If you live in an area where hurricanes can happen, it makes sense to protect your metal building. Steel structures are designed to last for decades, and heavy storms with gale force winds can have a major impact—even if they just roll around once in a while.
Hurricanes Are Hard on Buildings
Sustained winds of 74+ miles per hour and wind gusts that can exceed 250 mph can do a lot of damage even to a sturdy structure. The windward wall of a steel building may be under more than 65 pounds of pressure per square foot from the air rushing against it. On the other three sides, the suction caused by lower air pressure can pull walls outward. Add in the rain, and there’s the potential for foundation damage, and corrosion. If a surge of water hits the building during flooding, the pressure on the walls is even more intense and can cause a collapse. The swirling winds are also able to lift away roofing materials.
Designing for Hurricane Zones
If you live in a city that has a high risk for tropical storms, your building design may need to include hurricane resistance from the outset when you get your permit. Homeowners’ Associations may have a similar requirement.
How can you design a building that can withstand the pressure?
- When possible, it’s best to locate the building away from the path of potential flooding.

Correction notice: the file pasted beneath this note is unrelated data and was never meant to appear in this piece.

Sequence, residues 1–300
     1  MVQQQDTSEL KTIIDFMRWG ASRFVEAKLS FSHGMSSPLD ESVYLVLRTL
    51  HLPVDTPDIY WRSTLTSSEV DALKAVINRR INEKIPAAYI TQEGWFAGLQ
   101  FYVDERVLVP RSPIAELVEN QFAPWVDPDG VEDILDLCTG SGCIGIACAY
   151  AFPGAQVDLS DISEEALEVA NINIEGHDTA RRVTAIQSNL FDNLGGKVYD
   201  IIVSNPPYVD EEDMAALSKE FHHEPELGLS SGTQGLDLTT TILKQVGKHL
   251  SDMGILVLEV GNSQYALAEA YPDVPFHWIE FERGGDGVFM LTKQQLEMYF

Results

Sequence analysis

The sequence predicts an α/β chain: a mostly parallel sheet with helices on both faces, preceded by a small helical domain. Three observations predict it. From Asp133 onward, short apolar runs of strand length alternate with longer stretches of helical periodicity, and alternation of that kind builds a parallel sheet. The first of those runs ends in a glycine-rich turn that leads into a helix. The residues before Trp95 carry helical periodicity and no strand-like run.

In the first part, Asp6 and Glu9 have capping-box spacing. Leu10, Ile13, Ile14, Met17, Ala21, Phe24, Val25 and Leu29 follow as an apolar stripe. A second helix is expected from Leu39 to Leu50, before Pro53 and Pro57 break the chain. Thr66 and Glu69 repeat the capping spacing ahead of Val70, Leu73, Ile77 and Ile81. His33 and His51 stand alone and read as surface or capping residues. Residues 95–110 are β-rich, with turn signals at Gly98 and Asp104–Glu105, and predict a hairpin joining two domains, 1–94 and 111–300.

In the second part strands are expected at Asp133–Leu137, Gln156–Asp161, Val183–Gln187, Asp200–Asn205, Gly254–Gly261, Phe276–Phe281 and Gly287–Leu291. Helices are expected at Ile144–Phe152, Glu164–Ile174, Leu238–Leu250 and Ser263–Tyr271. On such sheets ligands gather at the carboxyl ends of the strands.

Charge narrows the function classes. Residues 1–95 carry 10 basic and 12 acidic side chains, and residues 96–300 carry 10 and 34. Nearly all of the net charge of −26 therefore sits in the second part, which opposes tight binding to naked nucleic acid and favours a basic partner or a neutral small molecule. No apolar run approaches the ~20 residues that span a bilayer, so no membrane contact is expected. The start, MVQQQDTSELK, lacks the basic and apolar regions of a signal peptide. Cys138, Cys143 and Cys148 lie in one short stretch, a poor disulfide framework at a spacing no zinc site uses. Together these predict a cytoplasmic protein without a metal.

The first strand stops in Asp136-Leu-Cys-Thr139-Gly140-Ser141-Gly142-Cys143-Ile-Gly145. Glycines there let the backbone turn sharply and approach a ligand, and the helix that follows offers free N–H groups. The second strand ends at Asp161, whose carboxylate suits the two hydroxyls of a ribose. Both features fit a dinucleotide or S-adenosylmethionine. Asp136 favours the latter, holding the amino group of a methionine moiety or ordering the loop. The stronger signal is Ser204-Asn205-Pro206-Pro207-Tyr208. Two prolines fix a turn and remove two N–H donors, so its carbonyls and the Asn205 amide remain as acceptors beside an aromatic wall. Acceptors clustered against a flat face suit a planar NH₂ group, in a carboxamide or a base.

- Having a strong foundation that won’t be destroyed by soil erosion from flood waters is important, as are strong internal supports.
- Specially coated, rust-resistant steel is ideal since standard galvanized steel may corrode under exposure to heavy, continuous rain. Look for a product that comes with a 30-year warranty.
- The architecture of the building also makes a big difference in how it handles high winds. For example, a hipped roof (one with four panels) tends to stand up better than a traditional gable roof with two flat slopes.
- In extreme cases, building a Quonset style structure with a domed profile can be the best way to go. This shape, like a cylinder half buried in the ground, doesn’t allow pressure to build up against a flat wall or roof panel.
What about Retrofitting?
Hurricane kits provide a relatively low-cost way to reinforce small steel structures such as sheds, garages, and workshops. A hurricane kit will typically include anchors and metal building straps and plates. The studs, trusses, and rafters are secured using these straps, adding strength to the internal structure. If the building has windows, these will also require protection such as storm shutters. Larger buildings may require more extensive and customized retrofitting.
What severe weather events may hit the location where you plan to erect a steel building? Talk to our engineers about what to consider in your design.